World Journal of Condensed Matter Physics
Vol. 2  No. 4 (2012) , Article ID: 24649 , 5 pages DOI:10.4236/wjcmp.2012.24032

ZnO Spin-Coating of TiO2 Photo-Electrodes to Enhance the Efficiency of Associated Dye-Sensitized Solar Cells

Fahd Al-Juaid1, Amar Merazga1*, Fouad Abdel-Wahab1, Mohamed Al-Amoudi2

1Department of Physics, Taif University, Taif, KSA; 2Department of Chemistry, Taif University, Taif, KSA.

Email: *

Received April 26th, 2012; revised May 26th, 2012; accepted June 9th, 2012

Keywords: TiO2 Photo-Electrodes; ZnO Sol-Gel Spin-Coating; Dye-Sensitized Solar Cells; Power Conversion Efficiency


Dye-sensitized solar cells (DSSCs) with ZnO spin-coated TiO2 photo-electrodes are compared to DSSC with a bare TiO2 photo-electrode. It is demonstrated that the deposited ZnO of controlled amount, by varying the precursor concentration in the coating sol, can indeed enhance the performance of the DSSC. The measured power conversion efficiency shows a maximum around the precursor concentration 0.1 M and falls down sharply to 0% beyond this point. The results are interpreted on the basis of two competing factors: At ZnO concentrations less than 0.1 M, the formation of an energy barrier increases the photocurrent by reducing the rate of interfacial back-recombination. At ZnO concentrations greater than 0.1 M, the screening of the TiO2 film by thicker ZnO layers decreases the photocurrent through the reduction of TiO2 dye-adsorption efficiency.

1. Introduction

The ZnO sol-gel spin-coating method is a combination of two techniques applied to produce thin nanostructured ZnO films: The sol-gel technique consists of the preparation, under defined conditions, of a ZnO solution from the mixture of a ZnO precursor [Zn(CH3COO)2·2H2O: zinc acetate dehydrate] and a solvent (2-methoxyethanol) with the addition of a stabilizing substance (ethanolamine). The clear transparent colloidal solution thus obtained, containing suspended ZnO nanoparticles, is deposited on the surface of a substrate by the spin-coating technique [1-4]. Nanostructured ZnO films prepared by this method have been used as photo-electrodes in DSSC fabrication [5,6], but low efficiencies were recorded compared to TiO2-based DSSCs. However, the deposition of a ZnO layer on the surface of a nanoporous TiO2 film to improve the DSSC photovoltaic properties is an active issue in the context related to surface treatment of TiO2 photo-electrodes by thin metal oxide films [7-11]. Kao et al. [12] employed the sol-gel spin-coating method to prepare TiO2 and ZnO spin-coated TiO2 electrodes for DSSCs. Multilayer coating was applied to TiO2 to reach the required thickness and a monolayer of ZnO was applied to spin-coat the TiO2 film. All the photovoltaic parameters were increased upon ZnO spin-coating, resulting in the promotion of the power conversion efficiency η from 2.5% to 3.25%. In this paper, we use the sol-gel technique to prepare ZnO solutions of 5 different precursor concentrations (0.1, 0.2, 0.3 and 0.4 M). An amount of 5 drops from each solution is used to deposit a ZnO layer on the TiO2 photo-electrode surface by spincoating. The measured efficiency of the associated DSSC shows a variation with the ZnO precursor concentration, exhibiting a maximum at 0.1 M, beyond which it shows a sharp decrease to 0%. It is explained that this optimal amount of the deposited ZnO forms the thinnest layer that can create the required energy barrier to reduce the rate of back-recombination of electrons to dye molecules and electrolyte species, enhancing the photocurrent without affecting the dye-adsorption efficiency of the TiO2 film.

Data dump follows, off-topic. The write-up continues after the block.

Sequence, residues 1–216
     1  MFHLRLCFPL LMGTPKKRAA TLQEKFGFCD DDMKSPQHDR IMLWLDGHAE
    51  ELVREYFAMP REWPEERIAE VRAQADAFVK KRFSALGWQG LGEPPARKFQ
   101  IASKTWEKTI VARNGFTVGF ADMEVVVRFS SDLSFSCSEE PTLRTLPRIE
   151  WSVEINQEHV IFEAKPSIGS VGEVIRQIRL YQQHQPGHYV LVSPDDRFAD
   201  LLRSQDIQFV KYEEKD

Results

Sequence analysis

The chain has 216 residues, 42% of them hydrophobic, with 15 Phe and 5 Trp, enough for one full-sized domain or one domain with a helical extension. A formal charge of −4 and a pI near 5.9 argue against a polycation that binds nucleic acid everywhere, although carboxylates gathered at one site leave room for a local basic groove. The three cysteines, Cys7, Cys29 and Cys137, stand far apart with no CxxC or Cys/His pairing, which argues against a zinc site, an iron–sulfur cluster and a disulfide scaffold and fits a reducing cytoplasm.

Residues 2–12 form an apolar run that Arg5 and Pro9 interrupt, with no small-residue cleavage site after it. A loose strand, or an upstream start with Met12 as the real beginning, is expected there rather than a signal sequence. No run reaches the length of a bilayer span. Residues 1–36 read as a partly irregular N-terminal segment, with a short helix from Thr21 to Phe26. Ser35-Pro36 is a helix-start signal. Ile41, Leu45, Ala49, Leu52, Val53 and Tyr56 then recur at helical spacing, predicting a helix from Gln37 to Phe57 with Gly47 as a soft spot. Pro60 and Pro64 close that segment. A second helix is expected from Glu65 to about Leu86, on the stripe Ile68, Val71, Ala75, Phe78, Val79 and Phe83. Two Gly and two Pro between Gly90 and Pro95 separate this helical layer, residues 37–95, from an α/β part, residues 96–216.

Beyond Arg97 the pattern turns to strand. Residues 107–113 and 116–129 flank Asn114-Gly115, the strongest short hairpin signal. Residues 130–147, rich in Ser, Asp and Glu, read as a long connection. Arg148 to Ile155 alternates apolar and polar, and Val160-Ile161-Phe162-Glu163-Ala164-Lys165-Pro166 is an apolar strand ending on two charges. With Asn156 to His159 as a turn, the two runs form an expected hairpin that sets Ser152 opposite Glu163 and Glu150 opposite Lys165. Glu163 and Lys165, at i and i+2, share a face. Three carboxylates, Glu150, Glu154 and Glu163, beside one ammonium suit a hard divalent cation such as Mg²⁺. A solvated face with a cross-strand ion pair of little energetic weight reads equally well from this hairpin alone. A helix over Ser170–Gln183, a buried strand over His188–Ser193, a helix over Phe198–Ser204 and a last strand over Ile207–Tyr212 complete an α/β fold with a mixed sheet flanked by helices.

2. Experiment

Titanium dioxide (TiO2) was coated on F-doped SnO2 (FTO) glass using the classical screen printing technique. The TiO2 film was then dried and sintered at 450˚C for 1 hour to obtain the bare TiO2 photo-electrode to be used in this work for the preparation of the DSSCs. The sol-gel spin-coating method is employed to deposit thin layers of ZnO on the surface of TiO2 photo-electrodes. The precursor (Zn(CH3COO)2·2H2O) is mixed with the solvent (2-methoxyethanol) and the stabilizer (monoethanolamine) is added drop wise until satisfying a molar ratio of 1 with the precursor. The solution is heated at 60˚C under continuous magnetic stirring for one hour. The prepared solution containing suspended ZnO nanoparticles is then kept firmly enclosed in a clean flask before spin-coating. The spin-coater (SPIN-150, SPS) is adjusted to run at a speed of 3000 rpm for 30 s to produce reasonable thin films. The ZnO amount is monitored by the number of ZnO sol drops injected through the needle of a “smart” dispenser by carefully advancing the plunger into the barrel. The ZnO-coated TiO2 photoelectrode is annealed at 400 K for one hour. Rutheniumbased dye (C26H20O10N6S2Ru) known as N3 (Solaronix) is used to sensitize the bare and ZnO-coated TiO2 photoelectrodes by immersing in 3 × 104 M ethanolic solution for 24 hours. Pt-coated FTO-glass (Solaronix) is assembled as the counter-electrode against the dye-loaded photoelectrode using two paper clips. The electrolyte solution (Solaronix) containing Iodide/Triodide Redox couple is injected through a capillary channel originally drilled across the counter-electrode. The I-V characteristics of the DSSCs are measured using a solar simulator (Solar-Light) and an electrometer (Keithley 2400). The latter is computer-controlled to acquire and plot the I-V data, while AM1.5-filtered light from the 300 W-Xenon lamp of the solar simulator shines the DSSC at a power density Pi = 100 mW/cm2. The transmittance and absorbance spectra of the different films are measured in the visible range by means of a UV/VIS/NIR spectrophotometer (Jasco V-570).